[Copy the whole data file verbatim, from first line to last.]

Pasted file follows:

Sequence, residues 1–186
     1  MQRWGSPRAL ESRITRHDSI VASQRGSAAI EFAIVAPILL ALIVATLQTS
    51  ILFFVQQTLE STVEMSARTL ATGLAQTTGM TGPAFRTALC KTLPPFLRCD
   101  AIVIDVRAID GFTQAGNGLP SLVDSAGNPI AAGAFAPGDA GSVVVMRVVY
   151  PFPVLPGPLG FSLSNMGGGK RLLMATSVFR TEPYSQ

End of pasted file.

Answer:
Sequence, residues 1–186
     1  MQRWGSPRAL ESRITRHDSI VASQRGSAAI EFAIVAPILL ALIVATLQTS
    51  ILFFVQQTLE STVEMSARTL ATGLAQTTGM TGPAFRTALC KTLPPFLRCD
   101  AIVIDVRAID GFTQAGNGLP SLVDSAGNPI AAGAFAPGDA GSVVVMRVVY
   151  PFPVLPGPLG FSLSNMGGGK RLLMATSVFR TEPYSQ